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Stacking rings. For technology grownups

The Internet of Things is stacking up to be an interesting force for the future.
Read time 10min 20sec

It’s hard to pin down a precise explanation for what makes up the Internet of Things (IoT) stack. The problem is that the platforms and solutions are evolving as rapidly as the applications they’re used for. Three years ago, the IoT stack was smart applications, data analytics, connectivity, sensors and product infrastructure. Or thereabouts. Today, that stack has been shoved onto a technological precipice, with Gartner predicting that edge computing will continue to lead the trend charge in 2019 and a Forrester survey claiming that the edge is where all those complex datasets are about to be analysed. There are claims that the edge will eat the cloud and this heralds changes to how IoT will stack up.

The IoT architecture consists of multiple sectors and tiers that allow for the collection of data from sensors connected to, or embedded in, assets and devices. The data produced by IoT devices is processed by the computing and analytics that are powerful enough to interpret the information while sitting right on that edge that’s getting all the attention. The movement of IoT data to aggregation systems and data repositories is handled by a network, dashboards and reports are used to translate the data for humans, and the entire pipeline has to be curated for efficiency, capability, agility and security. And every inch of this stack has to be crafted in such a way to ensure that the organisation is capable of understanding its data and doing a decent job of leveraging its IoT investment.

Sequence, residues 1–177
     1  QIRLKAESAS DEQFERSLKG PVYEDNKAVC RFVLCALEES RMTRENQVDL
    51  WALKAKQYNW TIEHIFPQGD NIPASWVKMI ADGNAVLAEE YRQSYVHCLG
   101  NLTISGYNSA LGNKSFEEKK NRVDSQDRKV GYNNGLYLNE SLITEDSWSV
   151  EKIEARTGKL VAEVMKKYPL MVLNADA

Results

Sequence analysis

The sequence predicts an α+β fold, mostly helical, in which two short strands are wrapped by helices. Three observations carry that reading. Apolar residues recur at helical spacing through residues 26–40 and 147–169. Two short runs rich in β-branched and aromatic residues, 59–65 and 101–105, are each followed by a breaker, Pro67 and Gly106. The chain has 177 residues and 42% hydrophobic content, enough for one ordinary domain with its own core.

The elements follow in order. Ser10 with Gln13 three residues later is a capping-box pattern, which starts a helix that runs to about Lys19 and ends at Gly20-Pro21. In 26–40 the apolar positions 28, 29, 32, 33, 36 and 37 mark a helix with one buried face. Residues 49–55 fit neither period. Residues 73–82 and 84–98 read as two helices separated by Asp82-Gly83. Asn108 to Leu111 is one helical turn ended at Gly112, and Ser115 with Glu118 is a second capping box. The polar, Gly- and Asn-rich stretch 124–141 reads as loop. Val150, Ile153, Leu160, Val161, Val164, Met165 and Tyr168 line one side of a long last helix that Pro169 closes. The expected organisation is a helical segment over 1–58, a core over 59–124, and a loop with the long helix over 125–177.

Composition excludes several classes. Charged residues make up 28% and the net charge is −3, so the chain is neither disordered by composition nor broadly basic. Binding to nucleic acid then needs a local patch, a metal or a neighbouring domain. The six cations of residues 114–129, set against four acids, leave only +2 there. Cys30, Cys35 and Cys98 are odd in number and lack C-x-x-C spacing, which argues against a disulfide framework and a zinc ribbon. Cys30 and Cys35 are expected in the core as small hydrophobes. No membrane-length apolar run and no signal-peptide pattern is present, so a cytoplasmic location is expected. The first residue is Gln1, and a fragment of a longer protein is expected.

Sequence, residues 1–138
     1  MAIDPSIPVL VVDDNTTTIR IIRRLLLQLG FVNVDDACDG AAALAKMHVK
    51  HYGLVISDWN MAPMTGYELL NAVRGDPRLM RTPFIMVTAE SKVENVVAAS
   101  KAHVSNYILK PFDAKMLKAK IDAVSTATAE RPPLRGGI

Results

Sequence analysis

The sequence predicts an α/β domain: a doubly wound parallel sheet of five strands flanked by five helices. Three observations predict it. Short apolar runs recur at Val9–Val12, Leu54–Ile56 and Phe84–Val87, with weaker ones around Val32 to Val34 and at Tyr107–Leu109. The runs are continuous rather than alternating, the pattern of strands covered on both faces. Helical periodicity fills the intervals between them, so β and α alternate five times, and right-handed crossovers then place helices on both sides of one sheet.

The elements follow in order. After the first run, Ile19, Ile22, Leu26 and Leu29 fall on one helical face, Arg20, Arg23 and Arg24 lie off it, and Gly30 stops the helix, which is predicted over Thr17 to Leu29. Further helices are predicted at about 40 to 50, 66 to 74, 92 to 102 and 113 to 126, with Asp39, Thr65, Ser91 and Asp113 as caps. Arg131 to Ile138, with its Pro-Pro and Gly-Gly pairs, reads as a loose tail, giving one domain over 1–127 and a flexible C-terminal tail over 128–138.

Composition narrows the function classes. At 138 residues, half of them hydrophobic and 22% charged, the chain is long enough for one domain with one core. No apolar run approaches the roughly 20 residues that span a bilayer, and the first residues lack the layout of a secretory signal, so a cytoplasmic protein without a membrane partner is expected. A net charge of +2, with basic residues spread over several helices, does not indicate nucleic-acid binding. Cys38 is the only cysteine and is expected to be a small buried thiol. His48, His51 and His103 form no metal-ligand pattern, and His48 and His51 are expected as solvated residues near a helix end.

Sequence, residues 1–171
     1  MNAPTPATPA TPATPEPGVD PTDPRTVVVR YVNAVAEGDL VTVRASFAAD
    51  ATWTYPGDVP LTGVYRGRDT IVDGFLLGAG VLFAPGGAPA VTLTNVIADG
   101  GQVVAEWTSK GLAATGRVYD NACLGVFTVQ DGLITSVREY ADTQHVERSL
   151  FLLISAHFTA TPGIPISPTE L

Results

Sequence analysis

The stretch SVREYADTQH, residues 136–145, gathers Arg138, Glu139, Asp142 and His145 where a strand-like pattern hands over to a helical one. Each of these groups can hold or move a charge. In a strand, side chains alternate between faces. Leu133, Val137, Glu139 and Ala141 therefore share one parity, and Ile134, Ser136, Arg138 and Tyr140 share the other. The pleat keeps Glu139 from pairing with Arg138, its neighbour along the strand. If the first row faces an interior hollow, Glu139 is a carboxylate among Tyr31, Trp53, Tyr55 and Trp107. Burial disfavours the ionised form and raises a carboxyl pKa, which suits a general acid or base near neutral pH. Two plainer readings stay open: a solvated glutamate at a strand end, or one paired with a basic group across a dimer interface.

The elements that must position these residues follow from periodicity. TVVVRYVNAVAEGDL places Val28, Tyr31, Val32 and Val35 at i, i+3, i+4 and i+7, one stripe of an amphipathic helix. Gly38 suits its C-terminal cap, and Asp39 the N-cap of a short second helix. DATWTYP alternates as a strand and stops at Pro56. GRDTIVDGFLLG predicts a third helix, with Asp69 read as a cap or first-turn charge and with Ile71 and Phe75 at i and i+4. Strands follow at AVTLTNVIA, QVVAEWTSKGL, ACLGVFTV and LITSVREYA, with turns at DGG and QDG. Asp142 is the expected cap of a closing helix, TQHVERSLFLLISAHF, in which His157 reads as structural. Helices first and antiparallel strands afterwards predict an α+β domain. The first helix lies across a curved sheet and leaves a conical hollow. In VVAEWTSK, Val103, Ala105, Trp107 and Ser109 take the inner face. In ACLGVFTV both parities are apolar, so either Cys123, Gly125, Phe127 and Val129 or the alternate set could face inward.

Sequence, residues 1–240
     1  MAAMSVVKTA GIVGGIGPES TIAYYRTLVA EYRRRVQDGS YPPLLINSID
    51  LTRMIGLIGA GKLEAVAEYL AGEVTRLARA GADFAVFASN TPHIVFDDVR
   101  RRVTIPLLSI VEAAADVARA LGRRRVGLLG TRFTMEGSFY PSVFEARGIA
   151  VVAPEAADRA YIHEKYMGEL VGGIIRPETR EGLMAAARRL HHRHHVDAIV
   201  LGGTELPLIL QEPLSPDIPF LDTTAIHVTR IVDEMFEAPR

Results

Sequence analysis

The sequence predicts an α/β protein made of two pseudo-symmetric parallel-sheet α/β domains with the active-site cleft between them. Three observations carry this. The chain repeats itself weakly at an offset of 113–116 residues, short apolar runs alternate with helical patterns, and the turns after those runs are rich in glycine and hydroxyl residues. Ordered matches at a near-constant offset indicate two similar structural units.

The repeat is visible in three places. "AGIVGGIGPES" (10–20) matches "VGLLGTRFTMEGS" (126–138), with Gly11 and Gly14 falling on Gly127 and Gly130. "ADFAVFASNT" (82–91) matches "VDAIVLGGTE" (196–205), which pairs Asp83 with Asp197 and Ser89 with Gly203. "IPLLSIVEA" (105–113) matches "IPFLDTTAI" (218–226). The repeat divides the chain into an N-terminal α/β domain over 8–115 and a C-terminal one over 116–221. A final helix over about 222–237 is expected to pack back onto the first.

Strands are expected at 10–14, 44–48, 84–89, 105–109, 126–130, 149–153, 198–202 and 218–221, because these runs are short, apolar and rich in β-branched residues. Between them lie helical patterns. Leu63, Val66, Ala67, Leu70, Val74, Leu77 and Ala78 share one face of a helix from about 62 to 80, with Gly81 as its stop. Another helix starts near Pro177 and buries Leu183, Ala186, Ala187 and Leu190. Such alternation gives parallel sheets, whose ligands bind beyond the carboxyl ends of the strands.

The thing is, this stack spans anything from factories to vehicles to clothes, to lighting to essential business processes, to the people who populate the hallways and plants. It’s also being disrupted. Now there are elements of the stack and solution that are being commoditised, rented out or reshaped to reduce costs and capex investment.

There’s enormous potential to be found within the devices, applications, algorithms, data, systems and software that comprise the IoT stack, but the trick to dragging this potential out is to manage it within expectations, budgets and organisation requirements. There’s never been a one-size-fits-all, not with spandex and definitely not with IoT.

That’s why things can get tricky. The business has to plan and manage the IoT stack as intelligently as the systems themselves. Strategically, there are some questions that have to be asked:

  • Can the existing systems be retrofitted?
  • Where will the data be hosted?
  • And, will all systems, sensors and devices be integrated into a single gateway or will this be managed across multiple touchpoints?

Ultimately, it’s essential that the business is capable of scale to ensure it gets those fast and efficient results it was looking for when it first started to slide down the IoT stack.

Within the local market, a key ongoing challenge is that of connectivity.

Willem Conradie, PBT Group

As the technology becomes increasingly affordable to manage, it means that these considerations have to be on every business table, not just the big ones. To manage it all, the consensus is to start with the right devices, work with the right suppliers, and pay attention to security. When it comes down to it, whether the edge is eating cloud or IoT is eating them both, management of the stack is about using the technology to ensure optimal productivity, solve real-world problems, and get the results that were printed on the packaging.

Q & A


What IoT, stacks and South African businesses have in common…

Brainstorm: What are the essential elements of any well-rounded IoT stack?

Inus Dreckmeyr, CEO, Netshield South Africa: Security is critical to the success of any installation. Decision-makers have to ask themselves about the risks around people getting hold of the information generated by IoT devices and what they will do with that information once they have it.